Thursday, November 20, 2008

GM's troubles ripple through sports and TV

General Motors is being forced to cut back, and some of its cuts are causing pain far beyond Detroit and far outside its circle of suppliers and workers. Like, for instance, in sports and sports TV. GM has in the past been by far the #1 advertiser in TV sports, but now they are reducing their spot buys and sponsorships considerably:
G.M. has been scaling back its sports presence for at least a year. Cadillac, a G.M. brand, withdrew its sponsorship of the Masters golf tournament in January, and this summer, G.M. ended its relationships with two Nascar racetracks: Bristol Motor Speedway in Tennessee and New Hampshire Motor Speedway. The company is not renewing its longstanding partnership with the United States Olympic Committee when their contract expires at the end of this year. In one of the most dramatic examples of the company’s diminishing sports profile, G.M. said recently that it would not buy television commercials in this season’s Super Bowl broadcast.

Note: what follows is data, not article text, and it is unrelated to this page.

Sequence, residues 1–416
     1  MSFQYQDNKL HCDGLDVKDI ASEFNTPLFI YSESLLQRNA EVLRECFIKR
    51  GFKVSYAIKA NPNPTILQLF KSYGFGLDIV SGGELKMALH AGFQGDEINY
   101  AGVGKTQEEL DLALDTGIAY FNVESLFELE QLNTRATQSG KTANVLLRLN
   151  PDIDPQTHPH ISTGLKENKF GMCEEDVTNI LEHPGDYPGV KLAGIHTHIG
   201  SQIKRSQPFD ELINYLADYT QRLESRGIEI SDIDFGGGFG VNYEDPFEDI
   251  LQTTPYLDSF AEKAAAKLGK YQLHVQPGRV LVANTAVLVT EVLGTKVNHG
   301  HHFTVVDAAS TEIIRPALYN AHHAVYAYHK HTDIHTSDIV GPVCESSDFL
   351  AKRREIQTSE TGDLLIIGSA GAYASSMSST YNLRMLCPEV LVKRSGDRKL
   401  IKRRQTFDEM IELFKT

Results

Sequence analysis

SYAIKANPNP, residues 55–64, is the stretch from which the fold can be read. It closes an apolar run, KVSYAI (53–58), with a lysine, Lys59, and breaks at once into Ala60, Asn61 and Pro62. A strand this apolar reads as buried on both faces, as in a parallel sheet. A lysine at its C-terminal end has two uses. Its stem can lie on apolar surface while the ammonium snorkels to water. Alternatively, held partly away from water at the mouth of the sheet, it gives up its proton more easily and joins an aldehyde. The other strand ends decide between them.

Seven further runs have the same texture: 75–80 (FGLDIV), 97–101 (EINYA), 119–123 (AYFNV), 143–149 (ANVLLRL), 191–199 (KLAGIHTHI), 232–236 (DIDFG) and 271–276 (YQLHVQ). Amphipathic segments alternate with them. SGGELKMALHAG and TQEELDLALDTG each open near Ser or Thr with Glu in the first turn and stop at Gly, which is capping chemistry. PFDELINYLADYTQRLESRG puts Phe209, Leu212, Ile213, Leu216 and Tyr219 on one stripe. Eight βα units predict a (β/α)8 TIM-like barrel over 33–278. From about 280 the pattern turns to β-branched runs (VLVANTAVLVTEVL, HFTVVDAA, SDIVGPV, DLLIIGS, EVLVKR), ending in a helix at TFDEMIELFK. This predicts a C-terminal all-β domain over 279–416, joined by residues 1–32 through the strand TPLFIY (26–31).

GM had eleven spots in last year's Super Bowl. The company recently reported that it plans to cut advertising 20% and promotional spending 25%.

Much of sports advertising and (especially) sponsorships is image-related and intended to have long-term brand-building effects. That's not easy to justify when you're close to bankruptcy and every expenditure is looked at in terms of immediate benefits.

They might be wiser to put their money into dealer advertising, where it can do double duty in producing immediate sales and in helping out the dealers, many of whom are themselves teetering on the edge.

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